Public Health Surveillance
Public Health surveillance is defined as the ongoing systematic collection, analysis and interpretation of health data essential for planning, implementing, and evaluating public health activities, closely integrated with timely dissemination of the data to enable effective and efficient action to be taken to prevent and control disease (CDC and WHO).
Surveillance ranges from an individual approach with notifiable diseases to a population-based approach that involves continuous or repeated surveys of representative samples of the population, to aggregate data for recording trends on risk factors, disease and economic activity.
Surveillance may be used to:
- Recognize cases or clusters of cases, to trigger interventions to prevent transmission or reduce morbidity and mortality.
- Identify new health conditions and emerging diseases.
- Assess public health impact of health events, and measure trends.
- Measure risk factors associated with the disease in order to prevent the onset of disease.
- Demonstrate the need for intervention programs and resources.
- Allocate resources during health planning.
- Monitor effectiveness and evaluate the impact of prevention and control measures, intervention tactics and strategies, as well as health policy changes.
- Identify high-risk population groups or geographic areas.
- Provide valid data for research and interventions, to develop hypotheses that lead to analytic studies about risk factors for disease causation, propagation or transmission.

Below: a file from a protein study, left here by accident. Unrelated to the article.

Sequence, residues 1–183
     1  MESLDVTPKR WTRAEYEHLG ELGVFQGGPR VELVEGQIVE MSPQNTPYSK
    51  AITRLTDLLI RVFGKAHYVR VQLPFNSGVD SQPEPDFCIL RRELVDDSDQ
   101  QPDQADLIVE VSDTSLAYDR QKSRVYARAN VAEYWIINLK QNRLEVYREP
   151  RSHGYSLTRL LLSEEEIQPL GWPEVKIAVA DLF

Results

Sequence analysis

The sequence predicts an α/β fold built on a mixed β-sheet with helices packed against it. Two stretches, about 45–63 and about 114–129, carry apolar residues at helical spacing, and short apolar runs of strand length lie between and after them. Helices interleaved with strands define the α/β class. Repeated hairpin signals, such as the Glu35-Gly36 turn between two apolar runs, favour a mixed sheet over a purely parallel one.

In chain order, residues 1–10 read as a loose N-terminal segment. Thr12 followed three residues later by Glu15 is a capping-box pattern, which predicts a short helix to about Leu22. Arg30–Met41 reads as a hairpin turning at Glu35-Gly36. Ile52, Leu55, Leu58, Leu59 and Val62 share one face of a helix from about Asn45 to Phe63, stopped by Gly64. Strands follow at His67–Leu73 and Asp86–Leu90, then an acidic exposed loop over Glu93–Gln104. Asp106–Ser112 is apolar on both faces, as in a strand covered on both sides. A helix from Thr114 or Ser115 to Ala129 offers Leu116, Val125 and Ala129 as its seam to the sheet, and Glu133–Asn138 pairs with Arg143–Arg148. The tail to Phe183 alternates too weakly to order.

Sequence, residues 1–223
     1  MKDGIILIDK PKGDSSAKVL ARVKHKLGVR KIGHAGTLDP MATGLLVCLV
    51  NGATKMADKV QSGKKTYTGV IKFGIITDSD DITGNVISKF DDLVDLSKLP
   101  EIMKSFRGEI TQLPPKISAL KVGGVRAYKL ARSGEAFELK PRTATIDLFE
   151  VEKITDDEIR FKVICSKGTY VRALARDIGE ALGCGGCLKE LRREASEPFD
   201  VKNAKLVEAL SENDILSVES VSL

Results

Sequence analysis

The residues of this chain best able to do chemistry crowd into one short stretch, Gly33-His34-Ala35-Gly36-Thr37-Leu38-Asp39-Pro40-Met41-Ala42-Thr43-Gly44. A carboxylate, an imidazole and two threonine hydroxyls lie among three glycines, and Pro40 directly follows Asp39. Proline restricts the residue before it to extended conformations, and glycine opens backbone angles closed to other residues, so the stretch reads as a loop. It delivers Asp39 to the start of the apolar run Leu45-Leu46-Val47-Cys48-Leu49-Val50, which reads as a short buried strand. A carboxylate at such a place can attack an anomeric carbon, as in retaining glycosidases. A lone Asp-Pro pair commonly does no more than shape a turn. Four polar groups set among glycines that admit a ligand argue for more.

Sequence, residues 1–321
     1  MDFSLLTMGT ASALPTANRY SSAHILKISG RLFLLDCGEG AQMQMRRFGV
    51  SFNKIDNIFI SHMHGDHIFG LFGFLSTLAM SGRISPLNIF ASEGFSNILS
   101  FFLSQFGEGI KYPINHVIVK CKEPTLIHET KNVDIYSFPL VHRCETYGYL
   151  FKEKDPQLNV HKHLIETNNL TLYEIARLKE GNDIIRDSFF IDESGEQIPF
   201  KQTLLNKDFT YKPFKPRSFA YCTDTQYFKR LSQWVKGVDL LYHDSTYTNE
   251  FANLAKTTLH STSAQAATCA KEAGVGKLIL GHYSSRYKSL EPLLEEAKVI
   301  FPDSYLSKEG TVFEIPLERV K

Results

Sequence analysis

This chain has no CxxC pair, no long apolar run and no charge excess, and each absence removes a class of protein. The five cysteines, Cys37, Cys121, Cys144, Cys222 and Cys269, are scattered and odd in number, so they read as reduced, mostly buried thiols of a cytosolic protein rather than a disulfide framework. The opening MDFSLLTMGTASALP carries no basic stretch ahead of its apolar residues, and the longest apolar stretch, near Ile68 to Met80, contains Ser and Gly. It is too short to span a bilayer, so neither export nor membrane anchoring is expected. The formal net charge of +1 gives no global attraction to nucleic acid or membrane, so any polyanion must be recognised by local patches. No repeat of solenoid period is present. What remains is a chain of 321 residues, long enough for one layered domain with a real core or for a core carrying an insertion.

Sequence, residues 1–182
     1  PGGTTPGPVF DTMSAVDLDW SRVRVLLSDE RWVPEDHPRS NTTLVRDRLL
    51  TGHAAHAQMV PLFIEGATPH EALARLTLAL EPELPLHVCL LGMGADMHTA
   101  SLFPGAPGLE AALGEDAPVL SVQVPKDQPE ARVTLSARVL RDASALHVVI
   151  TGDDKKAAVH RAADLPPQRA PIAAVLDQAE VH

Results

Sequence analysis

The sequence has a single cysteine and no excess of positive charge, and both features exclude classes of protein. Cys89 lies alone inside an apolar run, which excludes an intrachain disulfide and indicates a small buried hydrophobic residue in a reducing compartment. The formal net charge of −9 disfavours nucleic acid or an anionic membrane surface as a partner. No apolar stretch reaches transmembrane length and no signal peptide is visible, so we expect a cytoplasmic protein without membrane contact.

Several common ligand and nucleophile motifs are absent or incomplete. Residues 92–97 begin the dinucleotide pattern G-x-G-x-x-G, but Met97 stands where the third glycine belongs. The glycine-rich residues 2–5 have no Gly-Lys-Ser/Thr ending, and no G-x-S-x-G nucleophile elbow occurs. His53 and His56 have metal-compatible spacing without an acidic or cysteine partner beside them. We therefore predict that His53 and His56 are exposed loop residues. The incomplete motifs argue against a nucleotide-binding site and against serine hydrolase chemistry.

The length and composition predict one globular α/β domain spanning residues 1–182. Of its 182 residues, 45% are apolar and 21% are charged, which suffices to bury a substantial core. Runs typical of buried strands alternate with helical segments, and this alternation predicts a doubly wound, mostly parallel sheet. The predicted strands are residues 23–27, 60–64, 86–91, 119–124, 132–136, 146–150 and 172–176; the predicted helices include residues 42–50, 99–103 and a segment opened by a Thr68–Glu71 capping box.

- Provide data useful to assess and analyzed disease outbreaks to establish control and prevention activities.
Surveillance provides data that is useful at the local, state, and national level to lead to early detection of local epidemics that could involve loss of life, identify high-risk populations, measure trends in risk factors and disease, conduct complicated analysis and epidemiological studies to determine associations between risk factors and outcomes, and also to monitor effectiveness of specific interventions y programs.
All these data are collected, analyzed, distributed and reported to be used for planning, and implementing interventions and programs that will target public health problems through public health actions that improve wellness within communities, populations, and nations.
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